Arguably the biggest change in the history of the Open Championship occurred in 1921. That was when the American magazine Golf Illustrated funded 11 US-based players to head over and take part in the competition. Of the 11 players, five had been born in the UK before emigrating to America and it was one of these, Jack Hutchison, who won it. He did so in St. Andrew’s, which was the town of his birth before moving to America and becoming a naturalised American citizen, so there is a debate about whether he was the first non-British person to win the Open.
What Do We Mean By ‘British’?
As well as taking a looking at the more formative years of the competition, it is important to take a look at what it is we are talking about when we refer to ‘British’ players.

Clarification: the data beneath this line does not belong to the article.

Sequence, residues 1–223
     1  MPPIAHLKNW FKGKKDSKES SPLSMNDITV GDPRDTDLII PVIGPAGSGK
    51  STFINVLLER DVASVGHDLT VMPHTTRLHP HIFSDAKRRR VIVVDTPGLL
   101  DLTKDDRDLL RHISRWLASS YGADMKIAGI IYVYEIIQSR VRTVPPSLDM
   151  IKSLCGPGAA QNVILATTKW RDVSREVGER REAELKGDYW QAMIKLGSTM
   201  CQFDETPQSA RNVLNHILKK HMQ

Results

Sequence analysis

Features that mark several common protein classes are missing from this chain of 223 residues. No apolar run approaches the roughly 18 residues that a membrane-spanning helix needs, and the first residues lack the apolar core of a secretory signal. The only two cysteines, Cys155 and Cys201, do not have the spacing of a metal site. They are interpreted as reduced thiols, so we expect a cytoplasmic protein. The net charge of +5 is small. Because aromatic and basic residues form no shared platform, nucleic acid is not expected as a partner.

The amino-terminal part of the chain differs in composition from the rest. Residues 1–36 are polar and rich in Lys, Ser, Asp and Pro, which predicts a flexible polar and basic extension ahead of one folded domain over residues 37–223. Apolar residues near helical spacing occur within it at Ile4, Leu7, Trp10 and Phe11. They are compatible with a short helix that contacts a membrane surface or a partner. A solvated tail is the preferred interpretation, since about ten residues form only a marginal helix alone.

The British Isles consists of England, Scotland, Wales and Northern Ireland, with the latter breaking away from Ireland in 1921. The definition can be broadly thought of as being the citizens of the United Kingdom, the British Overseas Territories and the Crown dependencies. That means that people from the Bailiwick of Guernsey and the Bailiwick of Jersey are included in being ‘British’.
It is unlikely that someone from Bermuda, Anguilla or the Turks and Caicos Islands would consider themselves to be British. Thankfully, as things currently stand, no one from any of those locations has won the Open Championship, so it isn’t a conversation that we need to have. Instead, we will say that winners from the following locations are included in our calculations when discussing British winners of the competition:
- Northern Ireland
At the time of writing, no Welsh player has won the Open Championship, whilst those from Ireland are obviously not considered to be British.